When I first started writing about the Amish in 2012 with my Amish Mysteries, I assumed Old Order Amish lived the same no matter where they resided—that what they did in Lancaster County, Pennsylvania (the area in which my books are set) would hold true in Holmes County, Ohio, Shipshewana, Indiana, and all the other places they’ve developed communities in which to live.
So when I went out on this month’s book tour for my first Amish-based women’s fiction novel, Portrait of a Sister, I was excited to see the new communities but not prepared for the vast differences I would find. And once I did, it suddenly became clear why, a few years ago, a reviewer sought fit to question me on something I’d written that I knew to be accurate. You see, I was correct in what I’d written because I was writing about Lancaster Amish. Any knowledge she had about the Amish was clearly based on another area—an area that, while inhabited by Old Order Amish, had different rules/different ways of doing things than their Lancaster counterparts.
While I can’t possibly outline all the subtle differences between Lancaster, Holmes/Wayne County, and Shipshewana (the three biggest Amish groups in the country) in a single blog post, I can share some of the most basic ones I found while traveling with my book.
I always knew the buggies were different colors based on geography (Lancaster—grey, Shipshewanna and Ohio—black, northwestern PA—brown, Nebraska—yellow, etc), but did you know that unlike their Pennsylvania and Ohio peers, the Amish of Shipshewana have license plates on their buggies?
The buggies, themselves are different, too. In Shipshewana, they’re longer. And in both Shipshewana and Homes County there are a lot more open-top buggies than you see in Lancaster.
In Lancaster, scooter bikes are used. They look just like real bikes in the front, but the back part of the bike is a scooter, requiring the rider to use their foot to move. The reason scooter bikes are the norm in Lancaster is because it is seen as a way to keep them closer to home.
In Shipshewana and Holmes County, the Amish use bikes. Some of this might be because both of these areas are more spread apart and, in the case of Holmes County, have a lot of hills. Plus, in the case of Shipshewana, most Amish do not farm. They (primarily) make their living in the RV industry and or retail and so they need to be able to get where they’re going.
I’ll be honest, after spending so much time in Lancaster, I assumed the Amish schools elsewhere were the same, visually. They’re not. In Shipshewana, many Amish attend the regular public school (the percentage of Amish in the school is greater than non-Amish). And those that don’t? There schools are often two-stories—one story for the classroom, and one in the event the teacher needs to live there during the school week.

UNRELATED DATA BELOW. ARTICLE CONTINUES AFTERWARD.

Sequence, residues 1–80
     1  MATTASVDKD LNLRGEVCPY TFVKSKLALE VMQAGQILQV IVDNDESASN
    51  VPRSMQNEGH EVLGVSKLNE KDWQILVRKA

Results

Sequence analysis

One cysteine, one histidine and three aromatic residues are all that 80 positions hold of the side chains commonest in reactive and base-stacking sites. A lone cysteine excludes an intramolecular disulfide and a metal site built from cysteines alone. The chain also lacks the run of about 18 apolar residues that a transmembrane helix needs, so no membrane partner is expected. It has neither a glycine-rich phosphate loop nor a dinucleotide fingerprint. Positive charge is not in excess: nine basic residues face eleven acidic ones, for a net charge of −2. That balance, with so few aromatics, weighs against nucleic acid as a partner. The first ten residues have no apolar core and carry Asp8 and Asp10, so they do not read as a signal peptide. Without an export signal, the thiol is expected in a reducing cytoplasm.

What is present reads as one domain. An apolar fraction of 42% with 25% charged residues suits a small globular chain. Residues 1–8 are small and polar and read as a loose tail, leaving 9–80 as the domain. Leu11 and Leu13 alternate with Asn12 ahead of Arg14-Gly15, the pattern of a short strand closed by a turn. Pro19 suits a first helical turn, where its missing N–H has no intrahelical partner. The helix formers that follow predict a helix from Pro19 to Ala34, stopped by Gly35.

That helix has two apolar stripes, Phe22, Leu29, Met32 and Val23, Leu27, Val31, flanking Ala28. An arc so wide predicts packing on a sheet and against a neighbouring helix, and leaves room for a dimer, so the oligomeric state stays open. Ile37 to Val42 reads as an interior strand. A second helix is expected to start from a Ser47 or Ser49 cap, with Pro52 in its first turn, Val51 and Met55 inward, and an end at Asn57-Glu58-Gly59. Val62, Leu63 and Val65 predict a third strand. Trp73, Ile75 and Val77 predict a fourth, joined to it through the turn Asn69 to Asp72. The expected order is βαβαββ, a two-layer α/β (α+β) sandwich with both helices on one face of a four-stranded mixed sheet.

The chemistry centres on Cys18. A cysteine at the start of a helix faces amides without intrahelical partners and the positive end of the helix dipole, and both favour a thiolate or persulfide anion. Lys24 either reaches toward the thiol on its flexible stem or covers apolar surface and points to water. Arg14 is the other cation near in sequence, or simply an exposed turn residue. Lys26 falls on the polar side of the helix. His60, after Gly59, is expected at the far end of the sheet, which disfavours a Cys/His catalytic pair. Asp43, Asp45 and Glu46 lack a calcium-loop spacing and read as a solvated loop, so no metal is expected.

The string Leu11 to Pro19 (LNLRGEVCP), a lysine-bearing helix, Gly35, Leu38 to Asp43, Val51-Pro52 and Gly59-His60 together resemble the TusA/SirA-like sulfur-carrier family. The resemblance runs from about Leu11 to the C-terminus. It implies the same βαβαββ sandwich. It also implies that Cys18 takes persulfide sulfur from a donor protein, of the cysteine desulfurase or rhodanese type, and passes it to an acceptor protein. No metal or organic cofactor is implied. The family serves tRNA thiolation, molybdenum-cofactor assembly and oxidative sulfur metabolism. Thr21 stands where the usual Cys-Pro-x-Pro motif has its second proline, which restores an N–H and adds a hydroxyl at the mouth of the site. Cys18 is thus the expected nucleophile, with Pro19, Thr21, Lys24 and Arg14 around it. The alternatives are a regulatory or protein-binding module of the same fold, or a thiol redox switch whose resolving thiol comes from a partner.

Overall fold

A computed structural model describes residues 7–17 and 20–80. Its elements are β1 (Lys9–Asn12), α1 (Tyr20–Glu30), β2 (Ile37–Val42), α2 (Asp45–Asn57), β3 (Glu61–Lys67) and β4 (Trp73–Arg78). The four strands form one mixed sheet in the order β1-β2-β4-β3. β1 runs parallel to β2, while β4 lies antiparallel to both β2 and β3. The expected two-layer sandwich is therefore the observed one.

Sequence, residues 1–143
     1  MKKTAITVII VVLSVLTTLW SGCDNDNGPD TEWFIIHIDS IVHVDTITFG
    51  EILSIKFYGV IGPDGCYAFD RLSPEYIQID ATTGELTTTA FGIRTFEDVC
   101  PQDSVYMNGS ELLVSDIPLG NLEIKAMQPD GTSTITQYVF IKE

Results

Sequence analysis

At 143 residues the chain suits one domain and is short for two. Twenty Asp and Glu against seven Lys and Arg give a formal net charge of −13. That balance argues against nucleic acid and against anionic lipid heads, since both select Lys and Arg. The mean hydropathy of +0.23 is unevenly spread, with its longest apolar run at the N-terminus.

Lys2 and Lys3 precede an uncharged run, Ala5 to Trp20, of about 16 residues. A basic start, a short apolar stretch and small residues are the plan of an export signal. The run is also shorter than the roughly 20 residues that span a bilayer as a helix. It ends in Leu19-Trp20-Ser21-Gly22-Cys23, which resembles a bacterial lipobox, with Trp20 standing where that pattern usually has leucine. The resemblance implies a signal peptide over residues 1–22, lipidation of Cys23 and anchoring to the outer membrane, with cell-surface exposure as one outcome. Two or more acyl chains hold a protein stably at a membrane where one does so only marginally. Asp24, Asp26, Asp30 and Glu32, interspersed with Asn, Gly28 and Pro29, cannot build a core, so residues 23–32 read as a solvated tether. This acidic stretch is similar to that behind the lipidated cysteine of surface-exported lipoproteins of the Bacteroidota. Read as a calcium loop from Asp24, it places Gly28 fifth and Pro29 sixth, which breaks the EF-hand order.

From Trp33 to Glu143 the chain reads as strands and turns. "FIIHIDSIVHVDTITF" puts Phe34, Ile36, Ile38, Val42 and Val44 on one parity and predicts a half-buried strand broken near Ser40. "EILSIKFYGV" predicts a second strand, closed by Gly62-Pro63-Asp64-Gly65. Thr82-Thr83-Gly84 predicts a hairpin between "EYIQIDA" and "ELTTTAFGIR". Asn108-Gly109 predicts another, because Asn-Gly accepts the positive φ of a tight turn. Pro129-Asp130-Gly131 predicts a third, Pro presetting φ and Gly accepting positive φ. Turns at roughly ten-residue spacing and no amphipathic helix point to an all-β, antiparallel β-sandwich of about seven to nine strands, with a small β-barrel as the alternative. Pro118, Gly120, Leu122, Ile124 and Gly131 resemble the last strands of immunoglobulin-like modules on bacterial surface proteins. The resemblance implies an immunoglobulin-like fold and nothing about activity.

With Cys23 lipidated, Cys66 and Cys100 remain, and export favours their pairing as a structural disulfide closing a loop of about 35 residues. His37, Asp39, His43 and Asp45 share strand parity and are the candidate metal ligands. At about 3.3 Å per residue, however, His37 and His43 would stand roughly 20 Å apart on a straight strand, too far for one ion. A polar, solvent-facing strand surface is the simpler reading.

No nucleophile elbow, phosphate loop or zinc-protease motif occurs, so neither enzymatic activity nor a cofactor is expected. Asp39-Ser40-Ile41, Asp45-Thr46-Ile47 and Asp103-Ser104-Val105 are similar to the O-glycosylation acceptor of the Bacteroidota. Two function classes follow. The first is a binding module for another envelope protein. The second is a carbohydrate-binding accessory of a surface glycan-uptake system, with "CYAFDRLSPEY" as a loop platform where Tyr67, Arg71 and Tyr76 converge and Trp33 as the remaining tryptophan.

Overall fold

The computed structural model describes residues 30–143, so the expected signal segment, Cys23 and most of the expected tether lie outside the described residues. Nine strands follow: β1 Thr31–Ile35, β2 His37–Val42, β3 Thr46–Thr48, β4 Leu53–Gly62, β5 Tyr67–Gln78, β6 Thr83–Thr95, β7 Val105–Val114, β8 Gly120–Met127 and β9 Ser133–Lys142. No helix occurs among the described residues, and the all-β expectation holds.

In Lancaster, the Sunday church service generally happens in the home. Possibly the barn if there’s not room. In Shipshewana, many of the Amish homes have a separate building on their property that is used when it is their turn to host Sunday service.
In Lancaster, the wedding season starts after the harvest in the fall (usually late October) and continues until late January (although even in Lancaster that is now stretching out into late March/early April on occasion). Weddings are held on Tuesdays and Thursdays during this time to accommodate the transfer of benches.
In Shipshewana the wedding season starts in late spring and goes through the summer and into the fall, and takes place on a certain single day of the week.
In Lancaster, the cottage industry is big, but farming still happens. One really only has to leave the tourist area to see that.
In Shipshewana, there aren’t many farms. In fact, the once 100+-acre farms have, in many cases, been parceled into much smaller tracts in order to keep the family closer. In this particular area, the RV industry (centered in this area) is the biggest employer of Amish. So while in Lancaster you see more Amish working from sun up to sun down, in Shipshewana many are done with the work day by 2 p.m. As a result, I saw more “front porch” visiting happening in the late afternoon here than one would see in Lancaster.
The farming that I did see in Shipshewana, revealed tractors and farm equipment with rubber wheels (a virtual no-no in Lancaster for the same reason bikes are rarely seen there).
This one is one that captured the attention of my stomach. In Lancaster, brown buttered noodles are a staple in the Amish tourism area (yum!). In Shipshewana and Holmes County, there were no brown buttered noodles to be found anywhere, only a homemade noodle that was more like you’d find in a homemade soup.
I could go on and on mainly because; 1) I love talking about the Amish, and 2) the differences from one place to the other were fascinating, especially when I literally went from one to the other back-to-back. But we’ll leave it at this for now.
Laura is a former Agatha nominee and the recipient of an RT Reviewer’s Choice Award in romance. In her free time, Laura enjoys making memories with her family, traveling, baking, and visiting the sea lions at the Central Park Zoo. For more information and all the latest book news, visit her website at www.laurabradford.com.